HK investors eye opportunities in Shanghai FTZ

Updated: 2013-12-07 06:52

By Emma Dai in Hong Kong (China Daily)

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On Monday and Wednesday, the People's Bank of China - the country's central bank - published documents on financial reform related to the Shanghai FTZ. The regulator encouraged outbound investment and said it will allow companies to issue bonds in overseas markets. It will also allow residents and non-residents in the zone to open accounts and invest in foreign securities markets.

"As mainland capital is being invested outside, Hong Kong companies have a greater chance of supporting those overseas activities. Hong Kong has all kinds of middlemen such as financial consultants, lawyers and investment banks, which can help to find the right targets for mergers and acquisitions and see through the process smoothly," said Chan.

"From 2002 to 2010, Chinese enterprises' overseas acquisitions focused on strategic resources such as oil companies and mines. But in the past three years, the wind has changed," said Chan. "M&A deals in the high-tech sector are developing very fast. The further loosening of controls for domestic outbound investors in the free trade zone will increase the footprint of Chinese companies around the world."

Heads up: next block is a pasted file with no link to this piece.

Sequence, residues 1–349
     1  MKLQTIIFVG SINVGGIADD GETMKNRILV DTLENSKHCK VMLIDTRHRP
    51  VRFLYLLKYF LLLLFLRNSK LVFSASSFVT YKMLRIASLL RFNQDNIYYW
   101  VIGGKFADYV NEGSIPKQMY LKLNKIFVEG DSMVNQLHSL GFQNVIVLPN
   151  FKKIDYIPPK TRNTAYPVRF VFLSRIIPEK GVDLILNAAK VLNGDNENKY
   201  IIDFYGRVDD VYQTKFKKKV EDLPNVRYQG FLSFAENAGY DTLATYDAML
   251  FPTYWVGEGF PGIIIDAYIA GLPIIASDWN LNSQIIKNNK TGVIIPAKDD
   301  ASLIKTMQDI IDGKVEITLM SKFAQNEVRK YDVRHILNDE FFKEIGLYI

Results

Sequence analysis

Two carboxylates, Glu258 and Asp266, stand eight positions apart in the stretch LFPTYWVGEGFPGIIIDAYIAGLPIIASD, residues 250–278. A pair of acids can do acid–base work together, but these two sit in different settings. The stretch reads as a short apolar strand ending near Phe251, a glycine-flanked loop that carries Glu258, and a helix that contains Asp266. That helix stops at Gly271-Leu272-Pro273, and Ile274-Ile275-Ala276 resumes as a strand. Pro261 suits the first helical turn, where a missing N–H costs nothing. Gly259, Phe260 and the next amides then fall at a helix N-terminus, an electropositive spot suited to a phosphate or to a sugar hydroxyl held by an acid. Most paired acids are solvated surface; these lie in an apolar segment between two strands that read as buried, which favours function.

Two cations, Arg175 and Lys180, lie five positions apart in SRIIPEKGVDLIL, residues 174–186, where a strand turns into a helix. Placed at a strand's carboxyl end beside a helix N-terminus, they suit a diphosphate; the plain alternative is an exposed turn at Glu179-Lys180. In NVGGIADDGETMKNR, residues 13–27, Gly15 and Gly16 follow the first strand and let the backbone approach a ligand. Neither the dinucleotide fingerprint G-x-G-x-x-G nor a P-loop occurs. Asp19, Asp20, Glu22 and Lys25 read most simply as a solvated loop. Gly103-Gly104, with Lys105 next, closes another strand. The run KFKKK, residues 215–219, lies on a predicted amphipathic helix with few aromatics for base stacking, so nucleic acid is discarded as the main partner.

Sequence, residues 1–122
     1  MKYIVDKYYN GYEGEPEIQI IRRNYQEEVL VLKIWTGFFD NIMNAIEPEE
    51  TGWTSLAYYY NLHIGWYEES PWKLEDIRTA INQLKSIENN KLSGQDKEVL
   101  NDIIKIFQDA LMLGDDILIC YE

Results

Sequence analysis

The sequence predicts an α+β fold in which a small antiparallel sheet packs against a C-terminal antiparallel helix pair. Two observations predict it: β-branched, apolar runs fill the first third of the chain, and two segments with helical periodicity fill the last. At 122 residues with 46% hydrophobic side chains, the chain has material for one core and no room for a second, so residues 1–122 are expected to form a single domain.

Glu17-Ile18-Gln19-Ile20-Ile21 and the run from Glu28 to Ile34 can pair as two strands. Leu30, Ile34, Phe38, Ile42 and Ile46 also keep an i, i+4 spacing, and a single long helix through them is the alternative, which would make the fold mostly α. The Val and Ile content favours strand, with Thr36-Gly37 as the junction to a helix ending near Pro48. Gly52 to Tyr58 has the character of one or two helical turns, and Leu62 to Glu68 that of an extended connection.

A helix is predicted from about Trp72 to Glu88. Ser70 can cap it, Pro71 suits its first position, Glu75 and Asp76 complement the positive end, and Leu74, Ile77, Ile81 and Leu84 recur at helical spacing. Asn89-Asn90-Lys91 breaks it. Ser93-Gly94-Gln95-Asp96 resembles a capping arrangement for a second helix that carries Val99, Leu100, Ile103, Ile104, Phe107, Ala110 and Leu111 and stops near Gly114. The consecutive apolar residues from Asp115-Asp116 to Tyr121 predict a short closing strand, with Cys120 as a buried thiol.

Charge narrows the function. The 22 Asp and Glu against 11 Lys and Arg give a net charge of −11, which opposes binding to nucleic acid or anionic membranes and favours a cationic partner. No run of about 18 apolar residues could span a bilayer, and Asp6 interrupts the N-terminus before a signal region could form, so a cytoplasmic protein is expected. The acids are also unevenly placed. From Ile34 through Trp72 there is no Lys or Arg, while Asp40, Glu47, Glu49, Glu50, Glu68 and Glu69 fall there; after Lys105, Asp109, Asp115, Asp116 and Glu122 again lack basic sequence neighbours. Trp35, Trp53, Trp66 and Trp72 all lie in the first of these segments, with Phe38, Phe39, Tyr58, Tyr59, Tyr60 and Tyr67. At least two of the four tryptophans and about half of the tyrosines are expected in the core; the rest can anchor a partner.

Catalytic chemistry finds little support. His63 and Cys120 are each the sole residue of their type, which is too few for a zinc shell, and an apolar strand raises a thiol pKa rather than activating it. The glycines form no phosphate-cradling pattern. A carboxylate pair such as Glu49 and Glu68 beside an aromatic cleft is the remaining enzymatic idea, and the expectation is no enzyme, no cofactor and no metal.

However, Chinese investors face significant resistance globally since the country has yet to sign the latest bilateral investment treaty with the US, said Sung Yun-wing, co-director of the Shanghai-HK Development Institute and professor of economics at the Chinese University of Hong Kong.

Sung added that at the current stage, foreign investments on the mainland have to be approved case by case, which means the authorities have the right to reject investors.

Sung expressed hopes that the so-called "negative list" used in the Shanghai FTZ, a list released by authorities that blocks or restricts foreign investment in some sectors, will be shortened in coming years.

"Though now the 'negative list' nearly echoes the regulations on the mainland, we are looking forward to a shorter list in 2014 and the years beyond."

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